Health Care

Mount Sinai Medical Center opens new addition in Miami Beach. Will patients come?

Mount Sinai Medical Center opens a new surgical tower and emergency room Saturday on the hospital’s Miami Beach campus on Alton Road. The addition cost an estimated $275 million and positions Mount Sinai to provide high-end medical care and compete for patients.
Mount Sinai Medical Center opens a new surgical tower and emergency room Saturday on the hospital’s Miami Beach campus on Alton Road. The addition cost an estimated $275 million and positions Mount Sinai to provide high-end medical care and compete for patients.

Mount Sinai Medical Center, the only hospital in Miami Beach, will open a $275 million addition Saturday, adding a surgical tower with private patient rooms and a new emergency department to its main campus on Alton Road.

The project is the largest ever proposed by Mount Sinai, and comes as other South Florida hospitals are expanding as well, including the University of Miami Health System, which announced plans in December for a $111 million renovation and addition to its hospital in Miami’s Civic Center neighborhood.

Mount Sinai representatives declined to respond to written questions from the Miami Herald. The addition of a seven-story surgical tower, named for the family of Barry Skolnick, vice chair of Mount Sinai’s board of trustees, and a 34,000-square-foot emergency department, named for the Mount Sinai board’s chairman Mark Hildebrandt, will allow the hospital to provide high-end medical care and compete for patients.

The addition of 154 patient rooms in the surgical tower comes when more hospital care is moving to outpatient settings where patients are sent home on the same day they receive a medical procedure.

But Mount Sinai is counting on stand-alone emergency rooms in Aventura and Hialeah to drive more referrals of patients who need the type of care that requires an overnight stay at a hospital. In a bond prospectus published in December, Mount Sinai executives projected the Hialeah stand-alone ER will generate 900 patient admissions to the Miami Beach hospital and an additional $18.5 million in revenues in the first year.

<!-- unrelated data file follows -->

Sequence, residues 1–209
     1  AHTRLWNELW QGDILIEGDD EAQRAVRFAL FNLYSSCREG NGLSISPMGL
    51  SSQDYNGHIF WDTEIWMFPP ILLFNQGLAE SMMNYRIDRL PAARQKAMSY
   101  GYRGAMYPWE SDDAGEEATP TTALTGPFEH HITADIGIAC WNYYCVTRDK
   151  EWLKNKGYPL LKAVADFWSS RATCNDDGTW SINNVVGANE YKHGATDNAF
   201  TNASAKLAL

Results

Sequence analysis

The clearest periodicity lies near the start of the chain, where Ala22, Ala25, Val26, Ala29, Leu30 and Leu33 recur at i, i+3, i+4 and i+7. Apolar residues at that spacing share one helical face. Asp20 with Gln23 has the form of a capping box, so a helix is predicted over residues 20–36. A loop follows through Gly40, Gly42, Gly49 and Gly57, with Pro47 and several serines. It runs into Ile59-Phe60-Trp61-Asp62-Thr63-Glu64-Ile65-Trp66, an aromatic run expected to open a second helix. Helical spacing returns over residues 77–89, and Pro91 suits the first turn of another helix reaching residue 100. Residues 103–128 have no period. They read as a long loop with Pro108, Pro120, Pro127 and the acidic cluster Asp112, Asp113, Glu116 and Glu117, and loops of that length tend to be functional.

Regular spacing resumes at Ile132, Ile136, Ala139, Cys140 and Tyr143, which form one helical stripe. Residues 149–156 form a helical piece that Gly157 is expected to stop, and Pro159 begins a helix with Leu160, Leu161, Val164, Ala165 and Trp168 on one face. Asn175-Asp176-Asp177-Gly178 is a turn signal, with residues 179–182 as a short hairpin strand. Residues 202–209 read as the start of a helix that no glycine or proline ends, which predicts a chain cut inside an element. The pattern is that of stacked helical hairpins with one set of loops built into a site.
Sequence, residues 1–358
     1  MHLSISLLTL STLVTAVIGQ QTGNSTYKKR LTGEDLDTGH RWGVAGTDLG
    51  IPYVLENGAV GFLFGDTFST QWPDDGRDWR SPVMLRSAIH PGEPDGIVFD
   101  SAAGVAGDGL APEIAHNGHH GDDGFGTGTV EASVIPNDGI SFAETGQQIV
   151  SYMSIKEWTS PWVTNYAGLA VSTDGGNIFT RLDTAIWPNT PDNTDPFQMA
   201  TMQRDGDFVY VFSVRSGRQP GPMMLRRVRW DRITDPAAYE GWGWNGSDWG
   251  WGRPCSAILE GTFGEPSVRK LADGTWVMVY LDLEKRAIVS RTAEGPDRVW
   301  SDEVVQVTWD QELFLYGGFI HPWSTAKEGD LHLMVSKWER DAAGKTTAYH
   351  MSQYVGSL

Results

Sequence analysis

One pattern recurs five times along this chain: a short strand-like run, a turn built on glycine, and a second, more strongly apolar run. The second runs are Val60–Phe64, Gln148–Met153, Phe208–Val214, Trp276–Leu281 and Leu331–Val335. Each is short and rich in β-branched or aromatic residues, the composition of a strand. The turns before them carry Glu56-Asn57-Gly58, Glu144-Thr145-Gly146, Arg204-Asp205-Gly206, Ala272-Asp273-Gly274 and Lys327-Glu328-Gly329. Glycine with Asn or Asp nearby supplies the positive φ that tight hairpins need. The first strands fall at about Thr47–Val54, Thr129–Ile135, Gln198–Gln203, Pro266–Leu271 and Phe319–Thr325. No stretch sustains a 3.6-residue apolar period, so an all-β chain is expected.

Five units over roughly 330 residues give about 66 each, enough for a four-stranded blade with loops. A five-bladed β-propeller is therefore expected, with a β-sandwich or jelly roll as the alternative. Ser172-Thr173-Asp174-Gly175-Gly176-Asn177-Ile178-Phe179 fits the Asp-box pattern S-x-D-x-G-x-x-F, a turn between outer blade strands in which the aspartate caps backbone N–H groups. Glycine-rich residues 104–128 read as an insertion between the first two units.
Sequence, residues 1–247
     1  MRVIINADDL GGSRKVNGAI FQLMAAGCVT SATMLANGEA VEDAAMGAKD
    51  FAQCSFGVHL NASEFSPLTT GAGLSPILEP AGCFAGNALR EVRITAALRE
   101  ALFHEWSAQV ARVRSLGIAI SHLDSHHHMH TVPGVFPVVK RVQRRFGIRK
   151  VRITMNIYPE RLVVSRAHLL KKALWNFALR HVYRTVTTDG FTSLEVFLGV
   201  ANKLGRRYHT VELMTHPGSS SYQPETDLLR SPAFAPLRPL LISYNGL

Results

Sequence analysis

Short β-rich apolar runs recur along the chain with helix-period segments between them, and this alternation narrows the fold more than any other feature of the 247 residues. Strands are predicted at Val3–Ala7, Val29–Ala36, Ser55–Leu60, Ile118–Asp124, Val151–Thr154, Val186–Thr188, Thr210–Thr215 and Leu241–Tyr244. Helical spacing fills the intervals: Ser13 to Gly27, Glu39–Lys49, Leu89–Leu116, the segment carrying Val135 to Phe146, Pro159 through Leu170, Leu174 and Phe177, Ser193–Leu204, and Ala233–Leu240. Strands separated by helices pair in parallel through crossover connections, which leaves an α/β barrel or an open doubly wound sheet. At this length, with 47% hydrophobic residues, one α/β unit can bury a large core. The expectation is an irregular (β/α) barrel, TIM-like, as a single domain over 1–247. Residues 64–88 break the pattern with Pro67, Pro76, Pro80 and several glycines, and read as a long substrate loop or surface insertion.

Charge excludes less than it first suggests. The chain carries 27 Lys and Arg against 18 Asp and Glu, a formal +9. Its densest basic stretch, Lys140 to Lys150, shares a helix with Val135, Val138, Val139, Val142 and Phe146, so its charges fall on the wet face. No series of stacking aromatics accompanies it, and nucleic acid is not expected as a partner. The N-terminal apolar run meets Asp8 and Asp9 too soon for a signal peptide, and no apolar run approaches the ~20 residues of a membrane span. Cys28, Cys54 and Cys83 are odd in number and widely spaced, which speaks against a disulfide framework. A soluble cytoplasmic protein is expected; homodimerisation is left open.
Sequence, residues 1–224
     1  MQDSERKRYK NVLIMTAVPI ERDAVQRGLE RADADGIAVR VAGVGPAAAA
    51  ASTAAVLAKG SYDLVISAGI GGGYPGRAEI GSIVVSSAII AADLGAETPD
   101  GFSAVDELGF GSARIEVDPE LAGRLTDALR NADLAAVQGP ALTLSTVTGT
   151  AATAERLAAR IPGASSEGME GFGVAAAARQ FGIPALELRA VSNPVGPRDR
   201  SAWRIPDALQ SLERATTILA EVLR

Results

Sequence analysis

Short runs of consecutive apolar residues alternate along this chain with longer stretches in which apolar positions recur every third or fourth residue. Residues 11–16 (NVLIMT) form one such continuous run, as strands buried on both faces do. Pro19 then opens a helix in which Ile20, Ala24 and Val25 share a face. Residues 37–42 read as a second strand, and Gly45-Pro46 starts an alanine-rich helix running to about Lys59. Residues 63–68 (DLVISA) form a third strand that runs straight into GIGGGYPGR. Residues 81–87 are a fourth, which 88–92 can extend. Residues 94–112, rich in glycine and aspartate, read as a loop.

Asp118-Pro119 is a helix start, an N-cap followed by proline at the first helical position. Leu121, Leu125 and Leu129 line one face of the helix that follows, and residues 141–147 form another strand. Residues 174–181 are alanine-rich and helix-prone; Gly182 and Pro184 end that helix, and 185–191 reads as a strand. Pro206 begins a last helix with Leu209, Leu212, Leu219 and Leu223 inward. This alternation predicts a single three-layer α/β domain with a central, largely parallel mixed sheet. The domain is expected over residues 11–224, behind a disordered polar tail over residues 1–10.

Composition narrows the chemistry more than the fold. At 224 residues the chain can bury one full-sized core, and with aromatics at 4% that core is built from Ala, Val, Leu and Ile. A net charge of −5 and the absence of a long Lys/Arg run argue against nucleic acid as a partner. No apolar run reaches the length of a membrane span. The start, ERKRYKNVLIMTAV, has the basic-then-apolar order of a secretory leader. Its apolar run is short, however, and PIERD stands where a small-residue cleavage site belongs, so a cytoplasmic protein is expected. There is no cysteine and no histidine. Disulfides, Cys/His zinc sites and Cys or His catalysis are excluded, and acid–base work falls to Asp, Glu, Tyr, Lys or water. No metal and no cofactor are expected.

Operating costs will also increase with the expansion as the hospital system hires more employees, buys more supplies and assumes other additional expenses. The hospital’s December bond prospectus projects that Mount Sinai’s total expenses will rise by about $19.7 million or about 3.5 percent from 2018 to 2019.

The expansion will also help Mount Sinai remain competitive with other regional hospitals in the cardiac and vascular surgery business.

The new surgical tower includes 12 operating rooms that allow physicians to perform vascular and cardiac procedures in less time by integrating a catheterization lab and an operating room into a single space.

With 50 treatment rooms and six areas for psychiatric evaluations, the new emergency center will have room for 75,000 patient visits a year, according to a press release announcing the expansion. In 2018, the hospital’s emergency department had 53,358 visits.

The new facilities were built to withstand hurricane-force winds and flooding, with generators capable of powering the campus for a week. The Miami Beach Emergency Command Center will be housed on the second floor of the new emergency center.

In the press release, CEO Steven Sonenreich said the expansion would help the hospital system continue to serve uninsured patients. About one in four residents of Miami Beach does not have health insurance, according to Sonenreich’s statement. In November 2018, Fitch Ratings, a credit-rating agency, issued an analysis in June that said Mount Sinai has been successful with its strategy of developing outpatient centers such as the stand-alone ERs.

According to Fitch, Mount Sinai saw a 2.4 percent drop in open heart surgeries in 2017 after transitioning to a new head of cardiovascular surgery in late 2016. But cardiac surgery volume is “trending upward,” Fitch’s analysis said, and Mount Sinai continues to lead other local hospitals in the number of cardiac surgeries performed. The hospital system performed 697 open heart surgeries in 2017.

Daniel Chang covers health care for the Miami Herald, where he works to untangle the often irrational world of health insurance, hospitals and health policy for readers.
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